Which metrics are used to measure effectiveness, efficiency, and adaptability?
- You have values and goals. You have some metrics in place. You probably developed a few metrics to ensure all of the values and goals were being supported. Alignment is within reach. Now the question is: does the company have metrics to support all three of the main categories of measurement? Effectiveness, efficiency, and adaptability. So look at your list. My guess is you have quite a few metrics that measure effectiveness.
You might even have a few that measure efficiency, and if you're like lots of other companies, you're probably a bit thin in adaptability measurement. Let's take a moment to look at some very simple examples of metrics in all three categories. In basketball, we measure effectiveness with points scored. Efficiency, we measure with minutes played and shots taken, and for adaptability, we can measure how the player did in home games versus road games, how the player did versus left-handed players or right-handed players.
For a student in school, effectiveness is measured with grade point average. Efficiency, the number of courses taken, the number of hours a student studies. And for adaptability, we might break up the grades in terms of math classes, science classes, and writing classes. And how about for an operator in a call center? Well maybe we measure effectiveness with the number of orders taken.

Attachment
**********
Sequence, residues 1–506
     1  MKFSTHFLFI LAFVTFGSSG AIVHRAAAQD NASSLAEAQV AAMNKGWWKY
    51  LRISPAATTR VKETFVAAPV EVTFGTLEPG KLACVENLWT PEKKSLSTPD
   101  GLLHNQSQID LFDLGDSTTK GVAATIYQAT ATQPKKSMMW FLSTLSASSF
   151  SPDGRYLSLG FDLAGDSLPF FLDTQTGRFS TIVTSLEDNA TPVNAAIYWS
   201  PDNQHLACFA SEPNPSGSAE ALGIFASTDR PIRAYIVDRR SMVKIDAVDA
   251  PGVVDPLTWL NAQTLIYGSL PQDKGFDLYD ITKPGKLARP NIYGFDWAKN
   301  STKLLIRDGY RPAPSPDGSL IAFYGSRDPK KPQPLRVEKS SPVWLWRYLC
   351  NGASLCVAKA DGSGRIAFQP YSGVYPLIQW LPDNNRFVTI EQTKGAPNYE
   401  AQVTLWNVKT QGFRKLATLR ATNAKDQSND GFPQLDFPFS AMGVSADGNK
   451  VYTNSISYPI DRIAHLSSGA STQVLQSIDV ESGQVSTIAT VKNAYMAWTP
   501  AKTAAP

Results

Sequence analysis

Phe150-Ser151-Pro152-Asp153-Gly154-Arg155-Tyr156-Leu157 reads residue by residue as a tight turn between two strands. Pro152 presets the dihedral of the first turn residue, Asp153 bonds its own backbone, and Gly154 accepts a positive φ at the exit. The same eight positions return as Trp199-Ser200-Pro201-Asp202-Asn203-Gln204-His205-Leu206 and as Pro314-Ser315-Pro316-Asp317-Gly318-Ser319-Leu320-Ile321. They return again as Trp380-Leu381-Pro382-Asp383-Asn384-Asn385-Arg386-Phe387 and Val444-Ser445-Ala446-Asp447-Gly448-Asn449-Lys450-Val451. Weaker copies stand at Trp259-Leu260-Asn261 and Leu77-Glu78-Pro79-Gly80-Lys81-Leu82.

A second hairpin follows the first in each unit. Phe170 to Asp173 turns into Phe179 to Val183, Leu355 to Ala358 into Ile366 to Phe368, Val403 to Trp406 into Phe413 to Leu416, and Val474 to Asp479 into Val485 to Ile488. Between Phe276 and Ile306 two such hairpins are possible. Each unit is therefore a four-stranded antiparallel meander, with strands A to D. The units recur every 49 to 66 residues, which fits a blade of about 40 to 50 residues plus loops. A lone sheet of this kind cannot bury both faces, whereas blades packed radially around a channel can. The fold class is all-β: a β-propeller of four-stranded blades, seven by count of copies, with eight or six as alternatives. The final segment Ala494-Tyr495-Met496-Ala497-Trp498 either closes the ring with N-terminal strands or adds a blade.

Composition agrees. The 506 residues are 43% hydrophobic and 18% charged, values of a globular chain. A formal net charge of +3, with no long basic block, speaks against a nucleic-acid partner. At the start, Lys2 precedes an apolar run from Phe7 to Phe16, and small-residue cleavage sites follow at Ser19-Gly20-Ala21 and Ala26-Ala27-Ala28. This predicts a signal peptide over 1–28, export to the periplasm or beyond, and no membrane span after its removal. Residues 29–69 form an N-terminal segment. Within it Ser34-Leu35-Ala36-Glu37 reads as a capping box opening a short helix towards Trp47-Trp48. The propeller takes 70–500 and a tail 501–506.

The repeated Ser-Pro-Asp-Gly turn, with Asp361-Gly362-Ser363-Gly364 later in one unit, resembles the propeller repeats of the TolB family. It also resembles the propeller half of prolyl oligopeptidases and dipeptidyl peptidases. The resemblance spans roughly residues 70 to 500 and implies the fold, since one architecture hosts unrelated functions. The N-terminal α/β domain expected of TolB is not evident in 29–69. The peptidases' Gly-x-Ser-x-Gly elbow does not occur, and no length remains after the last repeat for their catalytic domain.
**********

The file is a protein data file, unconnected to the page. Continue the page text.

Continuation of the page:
Efficiency, the number of hours they worked, and for adaptability, we might look at monthly numbers. Numbers for morning shifts versus evening shifts. It's also possible you have a few metrics that are ratios of two categories. For example, points per minute, revenue per month. One other thing I'd like you to consider is balance. The number of metrics being tracked can grow really fast.
Especially when you try to account for so many goals, and you also try and measure in all three categories of measurement. While getting a nice three-dimensional view of the company through our metrics is important, too many metrics in one category of measurement can easily make things look much better or much worse than they actually are. For example, suppose we have eight effectiveness metrics but only two efficiency metrics.
It's possible our employee could excel in effectiveness, but they might be incredibly poor in the area of efficiency. You might be smart enough to see the difference in the metrics. You would say, "Great in effectiveness, "but struggling in efficiency." But to other managers, they might say, "This employee is great. "They're positive in eight areas, "and only struggling in two metrics." Unbalanced metrics can be misleading, so let's recap.
Check for alignment between goals and metrics. Make sure each goal is supported. Be sure each goal is also measured in effectiveness, efficiency, and adaptability, and finally, try creating a balance system. One that won't mislead your managers, or your employees.
- Metrics and human behavior
- Common corporate errors in measuring
- Developing a good metric
- Using the performance measurement tune-up
- Avoiding redundancy
- Using dashboards, infographics, and other data visualization tools